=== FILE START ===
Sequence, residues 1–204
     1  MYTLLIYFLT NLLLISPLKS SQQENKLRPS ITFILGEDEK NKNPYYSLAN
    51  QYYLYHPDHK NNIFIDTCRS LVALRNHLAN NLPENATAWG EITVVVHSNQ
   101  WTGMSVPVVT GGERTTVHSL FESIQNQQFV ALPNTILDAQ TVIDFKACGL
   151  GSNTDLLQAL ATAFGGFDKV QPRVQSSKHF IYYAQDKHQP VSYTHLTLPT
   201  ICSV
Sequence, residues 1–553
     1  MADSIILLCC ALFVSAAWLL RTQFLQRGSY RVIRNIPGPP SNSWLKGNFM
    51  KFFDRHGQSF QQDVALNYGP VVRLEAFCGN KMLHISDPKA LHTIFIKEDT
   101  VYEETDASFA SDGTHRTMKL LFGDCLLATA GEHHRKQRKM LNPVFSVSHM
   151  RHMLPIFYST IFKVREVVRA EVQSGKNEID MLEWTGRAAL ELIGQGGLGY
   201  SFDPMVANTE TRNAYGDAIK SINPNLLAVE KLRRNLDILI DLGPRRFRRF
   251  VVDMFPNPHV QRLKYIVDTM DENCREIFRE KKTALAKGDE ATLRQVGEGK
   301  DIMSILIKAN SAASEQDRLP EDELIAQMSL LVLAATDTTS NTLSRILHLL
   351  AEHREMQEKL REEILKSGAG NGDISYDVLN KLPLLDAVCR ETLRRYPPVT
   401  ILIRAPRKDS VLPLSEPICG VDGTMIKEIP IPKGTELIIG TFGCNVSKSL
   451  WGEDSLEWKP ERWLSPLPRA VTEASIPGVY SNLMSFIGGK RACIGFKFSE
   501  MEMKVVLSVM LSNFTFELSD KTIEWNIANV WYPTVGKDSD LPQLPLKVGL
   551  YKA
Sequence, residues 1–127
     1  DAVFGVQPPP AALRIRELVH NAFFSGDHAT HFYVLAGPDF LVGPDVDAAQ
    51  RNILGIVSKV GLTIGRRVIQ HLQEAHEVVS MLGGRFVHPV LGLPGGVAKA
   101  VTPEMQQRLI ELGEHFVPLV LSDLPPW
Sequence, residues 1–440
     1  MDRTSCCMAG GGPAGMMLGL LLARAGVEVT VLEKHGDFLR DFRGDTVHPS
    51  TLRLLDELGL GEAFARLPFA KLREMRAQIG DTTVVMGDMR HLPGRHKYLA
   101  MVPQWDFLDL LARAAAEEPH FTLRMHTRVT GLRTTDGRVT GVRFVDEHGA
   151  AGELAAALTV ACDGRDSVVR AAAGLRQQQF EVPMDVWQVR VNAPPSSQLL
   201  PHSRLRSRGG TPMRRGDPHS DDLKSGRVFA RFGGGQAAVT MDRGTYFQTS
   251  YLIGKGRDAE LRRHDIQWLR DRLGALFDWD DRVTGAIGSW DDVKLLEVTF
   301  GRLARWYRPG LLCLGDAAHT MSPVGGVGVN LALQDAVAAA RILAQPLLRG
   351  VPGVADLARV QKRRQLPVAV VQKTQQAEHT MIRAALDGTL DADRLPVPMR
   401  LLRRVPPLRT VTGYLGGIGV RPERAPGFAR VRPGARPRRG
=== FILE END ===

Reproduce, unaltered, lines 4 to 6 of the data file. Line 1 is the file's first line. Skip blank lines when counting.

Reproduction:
   101  WTGMSVPVVT GGERTTVHSL FESIQNQQFV ALPNTILDAQ TVIDFKACGL
   151  GSNTDLLQAL ATAFGGFDKV QPRVQSSKHF IYYAQDKHQP VSYTHLTLPT
   201  ICSV